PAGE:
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Joining the big society: am I bothered?. Geoff Hayward Professor of Education University of Leeds g.f.hayward @ The phenomenon of interest.

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joining the big society am i bothered

Joining the big society: am I bothered?

Geoff Hayward

Professor of Education

University of Leeds

the phenomenon of interest
The phenomenon of interest

David Cameron drew the attentions of a hoodie-wearing teenager yesterday who pretended to shoot the Conservative leader while he toured a crime-ridden council estate campaigning on gun crime.

The electronically tagged youth, Ryan Florence, 17, apparently made the gesture to impress other members of his gang who live on the Manchester estate, according to the Sun.

The newspaper reported that Florence thought it would be "fun to showboat for the lads" watching him and so ran up behind Cameron and mimicked firing a gun.

He had been tagged after spending four months in a young offenders' institute for burglary and street robbery.

Daily Telegraph, 23rd February 2007

some descriptive questions
Some descriptive questions
  • How is the problem construed and constructed?
  • What is the prevalence of this ‘problem’?
  • How does this change over time and across age groups?
  • Who is involved? How can we characterize these young people?
  • How does the phenomenon emerge over the life course – ontogeny?
  • What are its impacts?
a tory view on education
A Tory view on Education

However specious in theory the project might be of giving education to the labouring classes of the poor, it would, in effect, be found to be prejudicial to their morals and happiness; it would teach them to despise their lot in life, instead of making them good servants in agriculture and other laborious employments to which their rank in society had destined them; instead of teaching them the virtue of subordination, it would render them factious and refractory, as is evident in the manufacturing counties; it would enable them to read seditious pamphlets, vicious books and publications against Christianity; it would render them insolent to their superiors; and, in a few years, the result would be that the legislature would find it necessary to direct the strong arm of power towards them and to furnish the executive magistrates with more vigorous powers than are now in force. Besides, if this Bill were to pass into law, it would go to burthen the country with a most enormous and incalculable expense, and to load the industrious orders with still heavier imposts. (Derek Gillard MP, Hansard, House of Commons, Vol. 9, Col. 798, 13 July 1807, quoted in Chitty 2007:15-16)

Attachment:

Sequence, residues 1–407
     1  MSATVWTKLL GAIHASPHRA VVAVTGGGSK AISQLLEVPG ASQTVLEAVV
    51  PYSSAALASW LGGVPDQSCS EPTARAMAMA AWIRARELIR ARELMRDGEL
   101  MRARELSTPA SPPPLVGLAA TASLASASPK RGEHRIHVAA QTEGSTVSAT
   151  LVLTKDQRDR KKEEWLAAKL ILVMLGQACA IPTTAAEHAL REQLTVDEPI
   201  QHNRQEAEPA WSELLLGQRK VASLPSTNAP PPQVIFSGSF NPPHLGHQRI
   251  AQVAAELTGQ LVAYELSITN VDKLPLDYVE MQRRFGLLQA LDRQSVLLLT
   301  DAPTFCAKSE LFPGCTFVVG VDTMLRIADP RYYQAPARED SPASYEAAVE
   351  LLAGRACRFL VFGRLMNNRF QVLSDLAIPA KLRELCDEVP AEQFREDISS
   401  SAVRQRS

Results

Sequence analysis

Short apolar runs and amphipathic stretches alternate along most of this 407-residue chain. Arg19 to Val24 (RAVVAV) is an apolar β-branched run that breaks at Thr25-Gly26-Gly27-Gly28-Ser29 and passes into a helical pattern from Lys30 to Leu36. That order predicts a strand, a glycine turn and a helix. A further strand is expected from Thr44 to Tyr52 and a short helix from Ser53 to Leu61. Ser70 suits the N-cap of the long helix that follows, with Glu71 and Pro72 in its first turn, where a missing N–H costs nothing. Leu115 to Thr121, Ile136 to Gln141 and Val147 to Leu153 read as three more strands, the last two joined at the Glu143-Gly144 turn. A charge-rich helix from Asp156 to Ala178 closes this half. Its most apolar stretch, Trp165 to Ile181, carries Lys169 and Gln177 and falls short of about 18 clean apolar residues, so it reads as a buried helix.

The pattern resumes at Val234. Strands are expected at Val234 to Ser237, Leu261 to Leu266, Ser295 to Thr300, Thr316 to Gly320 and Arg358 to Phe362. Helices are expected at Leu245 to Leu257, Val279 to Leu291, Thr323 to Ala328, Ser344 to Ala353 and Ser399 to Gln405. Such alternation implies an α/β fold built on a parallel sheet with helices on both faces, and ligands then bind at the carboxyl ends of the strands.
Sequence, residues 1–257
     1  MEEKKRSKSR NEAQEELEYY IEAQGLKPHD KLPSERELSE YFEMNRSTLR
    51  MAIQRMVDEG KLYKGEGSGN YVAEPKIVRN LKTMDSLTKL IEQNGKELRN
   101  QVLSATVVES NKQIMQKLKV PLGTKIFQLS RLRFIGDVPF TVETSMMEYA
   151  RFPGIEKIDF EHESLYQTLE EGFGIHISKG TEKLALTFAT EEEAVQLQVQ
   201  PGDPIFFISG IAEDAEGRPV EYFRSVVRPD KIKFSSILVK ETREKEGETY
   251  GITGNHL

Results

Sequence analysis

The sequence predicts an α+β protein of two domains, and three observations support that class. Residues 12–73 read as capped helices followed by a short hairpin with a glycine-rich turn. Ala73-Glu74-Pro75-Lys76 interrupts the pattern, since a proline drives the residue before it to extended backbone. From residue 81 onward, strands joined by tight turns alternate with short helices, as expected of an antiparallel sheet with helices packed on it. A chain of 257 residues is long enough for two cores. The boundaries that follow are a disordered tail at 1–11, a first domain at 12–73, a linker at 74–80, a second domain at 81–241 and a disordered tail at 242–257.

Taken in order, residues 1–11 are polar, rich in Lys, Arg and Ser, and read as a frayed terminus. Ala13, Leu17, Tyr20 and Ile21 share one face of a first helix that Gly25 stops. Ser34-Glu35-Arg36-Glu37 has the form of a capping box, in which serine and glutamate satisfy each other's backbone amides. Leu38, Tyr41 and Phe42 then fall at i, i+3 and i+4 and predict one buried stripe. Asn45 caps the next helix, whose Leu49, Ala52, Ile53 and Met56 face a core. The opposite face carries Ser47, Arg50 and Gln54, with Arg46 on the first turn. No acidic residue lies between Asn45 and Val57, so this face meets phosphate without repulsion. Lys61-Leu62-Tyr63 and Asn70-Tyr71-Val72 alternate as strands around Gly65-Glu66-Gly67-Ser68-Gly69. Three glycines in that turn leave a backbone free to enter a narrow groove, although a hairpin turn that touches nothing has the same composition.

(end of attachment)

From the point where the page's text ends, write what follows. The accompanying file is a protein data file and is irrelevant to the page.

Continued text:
the new labour view
The New Labour View

What all this means is not that the role of Government, of the collective, of the services of the State is redundant; but changed. The rule now is not to interfere with the necessary flexibility an employer requires to operate successfully in a highly fluid changing economic market. It is to equip the employee to survive, prosper and develop in such a market, to give them the flexibility to be able to choose a wide range of jobs and to fit family and work/life together. ( Tony Blair, 2007)

aspiration aspiration aspiration
Aspiration, aspiration, aspiration

‘Bell and his associates maintained that if a high degree of equality of opportunity could be established, and especially of educational

opportunity, and if social selection became based primarily on educational

attainment, then a wide range of inequalities of outcome, in incomes, wealth and

status etc., could be defended. These inequalities of outcome would reflect the

differing levels of reward that individuals obtained - and indeed deserved or

‘merited’ - in return for their efforts in securing educational qualifications and

applying these productively in their working lives’ (Bukodi & Goldthorpe, 2008)

where do we go next
Where do we go next?
  • Why do so many young people not do well in school and attain at the level they need to in order to enter jobs that will pay a family sustaining wage?
  • Such school failure is highly correlated with socio-economic status: children from poorer backgrounds do consistently less well than those from richer backgrounds. Why?
  • Are these the right questions? How do we research this issue so the findings have impact on policy and practice?